Saudi Press

Saudi Arabia and the world
Monday, Jan 30, 2023

Less than 9% of voters turn out for Tunisia election

Less than 9% of voters turn out for Tunisia election

The majority of political parties boycotted Saturday's poll 12 years to the day that a protest in the country sparked the Arab Spring.

Just 8.8% of Tunisia's voters took part in elections on Saturday amid ongoing anger at President Kais Saied.

Mr Saied, who won power in 2019, has come in for criticism after shutting down the previous parliament last year and changing the constitution so he can rule by decree.

He claims the moves will save Tunisia from political paralysis and help him tackle economic issues.

But opposition parties boycotted the ballot, having accused the president of a coup after diminishing their role in democracy.

They demanded he step down, with some calling on the public to protest against his rule, but there is fragmentation among the parties, making it harder for them to organise.

Saturday's ballot came 12 years to the day after street vendor Mohamed Bouazizi set himself on fire in an act of protest, sparking the Arab Spring and bringing democracy to Tunisia.

But the actions of Mr Saied and the lack of cohesive opposition have cast a shadow of doubt over the system in place.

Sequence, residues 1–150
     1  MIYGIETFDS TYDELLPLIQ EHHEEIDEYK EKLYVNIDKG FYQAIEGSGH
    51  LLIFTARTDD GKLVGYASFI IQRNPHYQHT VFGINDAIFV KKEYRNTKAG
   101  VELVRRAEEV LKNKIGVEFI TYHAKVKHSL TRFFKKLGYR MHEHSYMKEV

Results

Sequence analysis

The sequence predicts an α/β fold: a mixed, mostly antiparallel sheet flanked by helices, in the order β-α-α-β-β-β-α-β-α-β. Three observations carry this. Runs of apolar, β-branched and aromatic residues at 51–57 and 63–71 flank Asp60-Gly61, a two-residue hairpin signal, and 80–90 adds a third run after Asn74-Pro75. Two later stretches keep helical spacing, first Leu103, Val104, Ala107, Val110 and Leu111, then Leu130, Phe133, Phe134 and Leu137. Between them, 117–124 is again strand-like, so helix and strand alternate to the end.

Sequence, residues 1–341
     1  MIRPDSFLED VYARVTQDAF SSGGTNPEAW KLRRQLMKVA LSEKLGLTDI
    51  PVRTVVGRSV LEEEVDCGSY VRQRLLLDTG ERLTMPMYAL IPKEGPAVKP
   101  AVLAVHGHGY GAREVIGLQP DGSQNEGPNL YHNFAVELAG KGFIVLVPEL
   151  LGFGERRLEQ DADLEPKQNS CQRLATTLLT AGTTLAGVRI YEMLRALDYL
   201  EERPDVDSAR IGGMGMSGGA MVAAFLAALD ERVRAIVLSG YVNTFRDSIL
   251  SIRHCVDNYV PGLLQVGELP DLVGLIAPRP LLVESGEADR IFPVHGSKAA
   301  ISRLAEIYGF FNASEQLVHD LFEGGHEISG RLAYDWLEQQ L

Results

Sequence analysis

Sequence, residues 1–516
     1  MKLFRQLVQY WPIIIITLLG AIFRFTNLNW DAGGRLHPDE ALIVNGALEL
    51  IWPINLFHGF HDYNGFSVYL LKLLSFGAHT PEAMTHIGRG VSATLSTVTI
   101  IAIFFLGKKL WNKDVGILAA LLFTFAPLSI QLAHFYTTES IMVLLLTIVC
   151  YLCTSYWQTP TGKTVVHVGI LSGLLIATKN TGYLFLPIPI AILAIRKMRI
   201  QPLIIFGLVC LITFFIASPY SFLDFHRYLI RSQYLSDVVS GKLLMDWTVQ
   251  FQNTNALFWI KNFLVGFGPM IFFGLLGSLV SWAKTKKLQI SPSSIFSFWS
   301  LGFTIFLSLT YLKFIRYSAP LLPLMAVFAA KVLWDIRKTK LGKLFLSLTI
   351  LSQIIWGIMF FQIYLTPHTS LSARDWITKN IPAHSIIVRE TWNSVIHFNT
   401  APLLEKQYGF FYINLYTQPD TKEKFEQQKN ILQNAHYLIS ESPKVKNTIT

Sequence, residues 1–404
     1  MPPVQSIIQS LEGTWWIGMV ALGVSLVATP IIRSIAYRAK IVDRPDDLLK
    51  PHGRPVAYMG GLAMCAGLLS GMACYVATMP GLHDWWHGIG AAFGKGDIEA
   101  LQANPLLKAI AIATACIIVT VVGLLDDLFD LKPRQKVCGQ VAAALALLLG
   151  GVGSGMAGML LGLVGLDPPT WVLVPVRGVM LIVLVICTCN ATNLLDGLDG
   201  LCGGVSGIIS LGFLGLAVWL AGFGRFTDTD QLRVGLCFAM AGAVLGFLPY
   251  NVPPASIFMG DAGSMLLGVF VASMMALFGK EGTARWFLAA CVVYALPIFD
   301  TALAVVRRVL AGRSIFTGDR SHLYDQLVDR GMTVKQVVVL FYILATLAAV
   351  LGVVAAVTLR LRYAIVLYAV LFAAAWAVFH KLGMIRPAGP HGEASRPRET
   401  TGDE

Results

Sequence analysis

One man, Abdl Hamid Naji, who was sat next to a polling station on Saturday, said: "Why should I vote? I am not convinced by this election.

"In the previous elections, I was the first to arrive... but now I'm not interested."

'Modest, but not shameful'

According to reporters on the ground, the focus of the public is on the economy - which shrank more than 8% during the COVID pandemic and has seen a very slow recovery.

Some basic foodstuffs and medicines are no longer available, and more people are attempting dangerous Mediterranean
crossings to try and start again in Europe.

The head of Tunisia's electoral commission, Farouk Bouasker, described Saturday's turnout as "modest but not shameful", blaming a new voting system and a lack of paid election campaigning.

Mohammed Bouazizi is depicted on the facade of the post office building in Sidi Bouzid

I Watch, a non-governmental watchdog organisation formed after the 2011 revolution, blamed the new parliament, which it said had been "emptied of all powers".

Due to the boycott by the main opposition parties, a total of 1,058 candidates, only 120 of them women, were running for 161 seats.

For 10 of those seats there was just one candidate.

And a further seven decided by expatriate voters had no candidates running at all.


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